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APA Citation Guide

Guide to using the American Psychological Association citation format.

About this guide

About this guide

Welcome to our APA Citation Format Research Guide


The American Psychological Association (APA) citation format is widely used in social and behavioural sciences disciplines, such as Psychology, Sociology, Economics, Criminology, Business and Nursing. It sets out rules and standards for preparing manuscripts for publication, writing a bibliography of references and in-text citations, avoiding plagiarism and more.

Whether you are a professional writer, student, researcher or experienced in a field within these disciplines, the APA style guide is a valuable tool for writing scientific papers, laboratory reports, and papers. 

You may also look at the Teaching and Learning Academic Integrity site for more information on plagiarism and citation. 

Understanding citation

APA uses the Author-Date Citation System

 All academic papers written in the APA style format have two parts: 

To better understand the APA citation format, you can take the Academic Writer Tutorial to learn the basics of the APA 7th Edition citation format. 

You can also try your hand at this Research Article Activity created by APA. This activity will help students learn how to find, cite, analyse, and summarise a scholarly research article. For each step of the action, type your responses directly into the text fields provided, or copy the questions into your preferred word-processing program and answer them there. Complete this activity multiple times to help you write papers such as literature reviews.

In-Text Citations

In-Text Citations

For more information on how to cite ChatGPT, go to this APA blog; also refer to the Teaching and Learning Centre's Academic Integrity PDF  

How you cite the author element in the in-text citation depends on how many authors there are and who the author is 


  • For works with one of two authors 

When citing a work by one or two authors, name the author or authors in the signal phrase or the parentheses each time you cite the work. Use the word “and” between the authors’ names within the text and use the ampersand in the parentheses.




  • For works with three or more authors 

When citing a work by three or more authors, list only the first author's last name, followed by "et al." in every citation. Do take note of the full stop after "al".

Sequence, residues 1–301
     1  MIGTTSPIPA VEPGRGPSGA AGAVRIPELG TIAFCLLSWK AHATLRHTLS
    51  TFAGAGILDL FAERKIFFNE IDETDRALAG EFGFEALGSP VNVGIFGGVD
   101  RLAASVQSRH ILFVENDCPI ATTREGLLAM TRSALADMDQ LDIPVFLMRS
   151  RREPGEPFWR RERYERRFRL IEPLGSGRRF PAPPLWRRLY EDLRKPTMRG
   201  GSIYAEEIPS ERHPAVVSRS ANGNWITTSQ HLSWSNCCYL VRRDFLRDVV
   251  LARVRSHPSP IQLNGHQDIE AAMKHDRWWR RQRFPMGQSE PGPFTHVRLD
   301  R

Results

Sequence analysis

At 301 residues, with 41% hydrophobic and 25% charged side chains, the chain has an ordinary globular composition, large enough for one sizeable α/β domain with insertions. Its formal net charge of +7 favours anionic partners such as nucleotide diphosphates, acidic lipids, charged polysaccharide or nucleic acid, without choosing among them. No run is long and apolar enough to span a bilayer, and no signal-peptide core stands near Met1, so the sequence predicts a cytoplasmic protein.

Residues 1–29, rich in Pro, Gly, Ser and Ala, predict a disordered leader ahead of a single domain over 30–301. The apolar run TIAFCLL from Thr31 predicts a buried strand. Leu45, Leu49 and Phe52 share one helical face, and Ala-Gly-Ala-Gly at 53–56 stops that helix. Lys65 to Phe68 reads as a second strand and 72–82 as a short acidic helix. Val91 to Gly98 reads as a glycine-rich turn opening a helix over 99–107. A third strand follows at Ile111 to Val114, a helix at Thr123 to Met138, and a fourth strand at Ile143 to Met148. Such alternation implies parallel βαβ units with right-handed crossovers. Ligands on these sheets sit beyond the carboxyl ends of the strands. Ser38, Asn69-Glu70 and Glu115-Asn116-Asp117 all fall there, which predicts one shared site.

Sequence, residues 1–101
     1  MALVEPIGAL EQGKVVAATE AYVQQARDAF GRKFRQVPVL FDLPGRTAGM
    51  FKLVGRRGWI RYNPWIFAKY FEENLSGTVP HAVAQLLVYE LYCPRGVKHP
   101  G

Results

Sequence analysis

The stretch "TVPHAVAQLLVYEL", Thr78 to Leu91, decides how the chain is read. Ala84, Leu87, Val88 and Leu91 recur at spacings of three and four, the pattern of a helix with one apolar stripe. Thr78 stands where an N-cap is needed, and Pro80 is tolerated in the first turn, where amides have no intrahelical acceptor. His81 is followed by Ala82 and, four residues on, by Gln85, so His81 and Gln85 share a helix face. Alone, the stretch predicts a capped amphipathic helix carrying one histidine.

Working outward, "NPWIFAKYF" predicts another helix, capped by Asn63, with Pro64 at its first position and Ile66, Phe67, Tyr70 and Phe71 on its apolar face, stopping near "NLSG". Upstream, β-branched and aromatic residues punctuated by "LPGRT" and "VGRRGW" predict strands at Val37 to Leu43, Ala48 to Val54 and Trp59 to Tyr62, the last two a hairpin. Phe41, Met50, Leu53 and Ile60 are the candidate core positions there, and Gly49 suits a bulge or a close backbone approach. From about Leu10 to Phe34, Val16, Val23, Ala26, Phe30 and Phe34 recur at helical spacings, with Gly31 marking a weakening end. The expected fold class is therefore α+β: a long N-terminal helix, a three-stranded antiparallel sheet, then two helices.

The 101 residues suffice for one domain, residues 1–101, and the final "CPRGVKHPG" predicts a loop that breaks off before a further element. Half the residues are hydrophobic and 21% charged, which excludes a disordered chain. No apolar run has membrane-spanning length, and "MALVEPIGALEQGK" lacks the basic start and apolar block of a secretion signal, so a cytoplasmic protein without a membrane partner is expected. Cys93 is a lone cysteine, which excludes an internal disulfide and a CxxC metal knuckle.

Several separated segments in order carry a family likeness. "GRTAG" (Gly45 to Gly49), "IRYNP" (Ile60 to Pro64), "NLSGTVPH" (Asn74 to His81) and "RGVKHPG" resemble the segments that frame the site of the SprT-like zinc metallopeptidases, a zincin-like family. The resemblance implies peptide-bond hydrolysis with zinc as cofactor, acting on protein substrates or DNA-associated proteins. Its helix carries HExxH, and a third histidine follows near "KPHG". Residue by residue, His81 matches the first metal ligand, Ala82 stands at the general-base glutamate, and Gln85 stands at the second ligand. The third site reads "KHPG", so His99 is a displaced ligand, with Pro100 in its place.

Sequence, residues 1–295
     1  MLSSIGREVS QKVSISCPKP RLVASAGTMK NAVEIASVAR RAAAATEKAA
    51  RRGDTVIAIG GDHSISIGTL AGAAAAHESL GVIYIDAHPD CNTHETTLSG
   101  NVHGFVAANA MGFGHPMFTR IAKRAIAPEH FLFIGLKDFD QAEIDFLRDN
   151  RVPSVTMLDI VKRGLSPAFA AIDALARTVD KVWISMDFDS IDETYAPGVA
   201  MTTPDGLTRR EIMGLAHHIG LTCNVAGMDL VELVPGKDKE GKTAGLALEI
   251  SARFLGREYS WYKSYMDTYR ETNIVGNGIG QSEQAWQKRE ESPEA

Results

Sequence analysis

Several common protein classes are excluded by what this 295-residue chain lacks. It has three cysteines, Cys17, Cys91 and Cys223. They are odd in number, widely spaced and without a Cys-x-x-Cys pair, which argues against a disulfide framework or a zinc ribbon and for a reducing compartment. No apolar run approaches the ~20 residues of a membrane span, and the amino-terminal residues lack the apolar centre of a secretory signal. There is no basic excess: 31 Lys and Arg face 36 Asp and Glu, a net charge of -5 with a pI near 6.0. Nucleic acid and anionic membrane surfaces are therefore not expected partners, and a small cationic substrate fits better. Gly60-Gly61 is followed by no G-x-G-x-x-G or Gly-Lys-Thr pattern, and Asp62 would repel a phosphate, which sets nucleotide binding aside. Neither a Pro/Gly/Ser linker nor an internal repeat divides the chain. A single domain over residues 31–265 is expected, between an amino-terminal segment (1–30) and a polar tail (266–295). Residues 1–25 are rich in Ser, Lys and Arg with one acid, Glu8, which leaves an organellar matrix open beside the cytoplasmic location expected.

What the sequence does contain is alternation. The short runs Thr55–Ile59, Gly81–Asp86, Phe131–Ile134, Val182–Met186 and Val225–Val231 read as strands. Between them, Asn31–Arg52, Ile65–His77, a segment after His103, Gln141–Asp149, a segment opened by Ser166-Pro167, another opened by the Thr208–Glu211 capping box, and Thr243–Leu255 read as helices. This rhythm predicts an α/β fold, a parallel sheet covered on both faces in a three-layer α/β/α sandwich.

• For works with an unknown author 

If the work doesn't have an author, include the title of the work and the year of publication in the in-text citation. However, consider the work's credibility, especially if you cannot find the author. 


Opting to go green as a lifestyle choice can become a profitable business ("Green essentials," 2012). 


  • For works where the agency, organisation or group is the author 

If the author is an agency, organisation, or group, mention the name of the agency, organisation or group and then the year. If the organisation has a well-known abbreviation, include the abbreviation in brackets the first time the source is cited and then use only the abbreviation in later citations.


According to APA, a secondary source is "a secondary source refers to content first reported in another source."

For example, if you read a work by Lyon et al. (2014) in which Rabbitt (1982) was cited, and you were unable to read Rabbitt’s work yourself, cite Rabbitt’s work as the original source, followed by Lyon et al.’s work as the secondary source. Only Lyon et al.’s work appear in the reference list.


For more information on secondary sources, go to the APA page

According to APA, personal communication refers to:

  • emails
  • text messages
  • direct messages
  • personal interviews
  • telephone conversations
  • live speeches
  • non-archived social media live streams (e.g., Instagram Live, Twitter Spaces)
  • unrecorded webinars
  • unrecorded classroom lectures
  • memos
  • letters
  • messages from non-archived discussion groups or online bulletin boards,

You can use a personal communication citation only when a recoverable source is unavailable.


For more information on personal communication, go to the APA page. 


According to APA, a classroom source includes works from a classroom website or learning management system (e.g., Canvas or Blackboard). These sources can be cited as classroom sources because they are recoverable by the instructor and fellow students. 

  • For PowerPoint slides from a class 



  • For study guides

The citation for your study guide can be found in the study guide itself 

There are specific ways to present tables and figures in APA format; to learn more about these ways, go to the APA website